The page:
My mother and I went to Sissinghurst, and made it back from Sissinghurst, with the only thundery shower happening just after we had gone inside the vast garden centre just off the M25 where the coach stopped for an early lunch and comfort break, and we were extremely lucky with the traffic, so the logistics of the visit worked much better than I was afraid they might.
Sissinghurst looked just like it does in all the books and magazine articles and TV articles that have been devoted to it, except that there were other people in it, which there never are when Monty Don features it as one of his eighty gardens of the world, or Marcus Harpur gets up at four in the morning to photograph it. But there were not nearly as many people as I thought there would be.
What can anybody say about Sissinghurst that hasn't been said already? It is one of the most famous gardens in England, which probably makes it one of the most famous in the world, gardens being one of the things the English are renowned for being peculiarly good at. The planting is still lavish, the yew hedges enclosing the internal paths are slightly too close together. It is not quite as it was in Harold and Vita's day, partly because it has to accommodate so many more visitors, 198,255 in 2016 according to the Association of Leading Visitor Attractions, and partly because gardens refuse to stand still. The soil along the nut walk became primrose sick and primulas could not be grown there any more, and that was that.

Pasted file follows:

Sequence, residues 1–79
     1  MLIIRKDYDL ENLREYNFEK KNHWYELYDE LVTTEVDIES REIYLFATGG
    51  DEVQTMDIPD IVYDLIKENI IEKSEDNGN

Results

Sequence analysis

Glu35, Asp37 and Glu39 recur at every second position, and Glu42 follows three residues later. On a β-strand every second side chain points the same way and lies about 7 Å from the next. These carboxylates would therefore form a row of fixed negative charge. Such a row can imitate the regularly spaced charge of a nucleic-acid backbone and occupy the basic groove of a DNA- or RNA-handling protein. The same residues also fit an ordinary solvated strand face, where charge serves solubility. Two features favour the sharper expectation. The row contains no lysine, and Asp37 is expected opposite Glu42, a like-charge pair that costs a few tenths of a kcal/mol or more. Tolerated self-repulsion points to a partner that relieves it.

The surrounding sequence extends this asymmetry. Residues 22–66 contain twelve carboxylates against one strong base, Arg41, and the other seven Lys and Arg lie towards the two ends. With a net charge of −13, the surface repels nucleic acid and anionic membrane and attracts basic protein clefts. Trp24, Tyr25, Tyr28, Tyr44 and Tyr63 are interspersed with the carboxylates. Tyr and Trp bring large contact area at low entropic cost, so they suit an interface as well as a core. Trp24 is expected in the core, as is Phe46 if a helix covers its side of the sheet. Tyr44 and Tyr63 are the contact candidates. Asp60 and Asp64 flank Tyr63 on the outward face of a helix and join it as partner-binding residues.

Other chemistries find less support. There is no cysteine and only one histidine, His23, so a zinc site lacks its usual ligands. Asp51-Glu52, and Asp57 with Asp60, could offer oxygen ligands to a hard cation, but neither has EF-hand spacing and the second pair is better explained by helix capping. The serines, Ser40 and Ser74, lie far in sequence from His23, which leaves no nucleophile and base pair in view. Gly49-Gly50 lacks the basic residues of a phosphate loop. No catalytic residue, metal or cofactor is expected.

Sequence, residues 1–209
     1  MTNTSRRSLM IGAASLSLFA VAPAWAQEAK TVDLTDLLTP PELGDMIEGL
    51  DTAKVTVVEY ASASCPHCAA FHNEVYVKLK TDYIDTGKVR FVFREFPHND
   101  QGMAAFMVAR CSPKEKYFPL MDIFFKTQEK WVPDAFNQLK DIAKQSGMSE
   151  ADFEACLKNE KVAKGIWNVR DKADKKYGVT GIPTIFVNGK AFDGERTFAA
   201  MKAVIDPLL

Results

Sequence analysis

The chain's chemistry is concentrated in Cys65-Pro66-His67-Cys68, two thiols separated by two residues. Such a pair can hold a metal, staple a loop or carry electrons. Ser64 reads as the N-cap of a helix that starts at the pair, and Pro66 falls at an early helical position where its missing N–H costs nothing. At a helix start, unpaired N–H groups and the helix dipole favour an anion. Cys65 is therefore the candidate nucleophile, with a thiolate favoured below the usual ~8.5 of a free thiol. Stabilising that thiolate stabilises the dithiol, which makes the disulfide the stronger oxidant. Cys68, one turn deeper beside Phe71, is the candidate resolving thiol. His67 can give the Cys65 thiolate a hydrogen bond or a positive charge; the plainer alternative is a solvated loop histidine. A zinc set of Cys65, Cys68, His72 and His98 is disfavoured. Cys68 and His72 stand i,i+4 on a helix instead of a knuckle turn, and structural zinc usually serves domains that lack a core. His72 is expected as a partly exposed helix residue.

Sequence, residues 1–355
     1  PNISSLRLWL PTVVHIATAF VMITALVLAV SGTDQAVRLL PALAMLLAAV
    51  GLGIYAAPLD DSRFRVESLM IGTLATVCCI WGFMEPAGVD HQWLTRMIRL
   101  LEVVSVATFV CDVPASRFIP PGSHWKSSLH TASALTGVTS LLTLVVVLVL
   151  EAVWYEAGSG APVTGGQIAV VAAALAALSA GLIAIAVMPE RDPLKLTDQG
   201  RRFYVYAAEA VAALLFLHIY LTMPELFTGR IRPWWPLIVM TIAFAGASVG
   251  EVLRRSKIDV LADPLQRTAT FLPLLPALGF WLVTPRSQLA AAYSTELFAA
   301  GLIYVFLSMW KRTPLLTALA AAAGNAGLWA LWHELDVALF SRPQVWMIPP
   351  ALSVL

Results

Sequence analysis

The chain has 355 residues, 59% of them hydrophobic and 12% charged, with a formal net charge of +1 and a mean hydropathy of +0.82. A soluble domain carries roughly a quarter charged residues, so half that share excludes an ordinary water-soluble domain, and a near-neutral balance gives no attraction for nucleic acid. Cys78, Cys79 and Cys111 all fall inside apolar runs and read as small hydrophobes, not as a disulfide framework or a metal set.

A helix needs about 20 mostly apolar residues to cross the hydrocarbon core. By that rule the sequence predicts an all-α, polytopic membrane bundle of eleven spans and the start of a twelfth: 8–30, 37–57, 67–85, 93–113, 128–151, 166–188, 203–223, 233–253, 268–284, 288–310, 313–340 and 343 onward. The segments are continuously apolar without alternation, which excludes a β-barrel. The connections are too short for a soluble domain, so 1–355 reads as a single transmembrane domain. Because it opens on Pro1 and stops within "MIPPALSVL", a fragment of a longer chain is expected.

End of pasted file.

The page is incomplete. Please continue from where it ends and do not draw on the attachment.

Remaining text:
If you want to know about the famous (and much copied) white garden or the hot coloured cottage garden, the internet is already awash with descriptions and photographs of them. I did not take any pictures, preferring to pay attention to the experience of actually being there, but my mother and I were in the minority not walking about with our phones held out in front of us. Nowadays I refuse to shuffle out of the way when a stranger wielding a phone steps into my personal space. In the old days if somebody had bothered to bring a camera, especially one with a big lens on the front, I used to feel obliged not to interfere with their shot when they had gone to so much trouble and were taking it so seriously, but mere possession of a phone does not entitle you to barge other people out of the way.